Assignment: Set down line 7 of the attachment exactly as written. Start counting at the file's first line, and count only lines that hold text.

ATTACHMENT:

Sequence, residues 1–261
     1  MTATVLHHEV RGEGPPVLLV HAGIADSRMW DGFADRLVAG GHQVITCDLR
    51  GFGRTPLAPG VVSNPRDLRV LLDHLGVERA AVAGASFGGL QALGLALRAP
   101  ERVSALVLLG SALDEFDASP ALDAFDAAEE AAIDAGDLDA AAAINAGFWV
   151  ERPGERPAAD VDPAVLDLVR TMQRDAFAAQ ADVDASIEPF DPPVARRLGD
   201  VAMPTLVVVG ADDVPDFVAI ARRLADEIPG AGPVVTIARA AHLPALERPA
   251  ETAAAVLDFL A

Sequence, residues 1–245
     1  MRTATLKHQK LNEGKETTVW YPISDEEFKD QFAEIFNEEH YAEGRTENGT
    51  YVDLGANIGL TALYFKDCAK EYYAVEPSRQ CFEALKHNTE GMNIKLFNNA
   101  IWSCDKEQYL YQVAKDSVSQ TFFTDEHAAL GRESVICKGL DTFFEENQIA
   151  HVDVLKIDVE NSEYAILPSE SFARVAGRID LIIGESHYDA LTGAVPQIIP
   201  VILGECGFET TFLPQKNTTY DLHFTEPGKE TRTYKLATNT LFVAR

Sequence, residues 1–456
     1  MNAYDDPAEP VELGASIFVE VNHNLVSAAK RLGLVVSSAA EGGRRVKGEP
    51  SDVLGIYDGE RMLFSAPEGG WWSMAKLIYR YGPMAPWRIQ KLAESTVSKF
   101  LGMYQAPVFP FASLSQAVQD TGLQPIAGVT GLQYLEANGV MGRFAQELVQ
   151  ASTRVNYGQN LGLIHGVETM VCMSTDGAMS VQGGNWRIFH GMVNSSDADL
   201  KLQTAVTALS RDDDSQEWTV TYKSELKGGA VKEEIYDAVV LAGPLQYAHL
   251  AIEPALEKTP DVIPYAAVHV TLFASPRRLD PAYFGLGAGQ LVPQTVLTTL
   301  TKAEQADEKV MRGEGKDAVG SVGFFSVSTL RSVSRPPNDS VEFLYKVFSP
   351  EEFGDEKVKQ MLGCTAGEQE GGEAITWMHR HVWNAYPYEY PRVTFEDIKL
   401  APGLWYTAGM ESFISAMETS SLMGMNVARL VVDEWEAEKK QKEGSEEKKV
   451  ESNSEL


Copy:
   251  ETAAAVLDFL A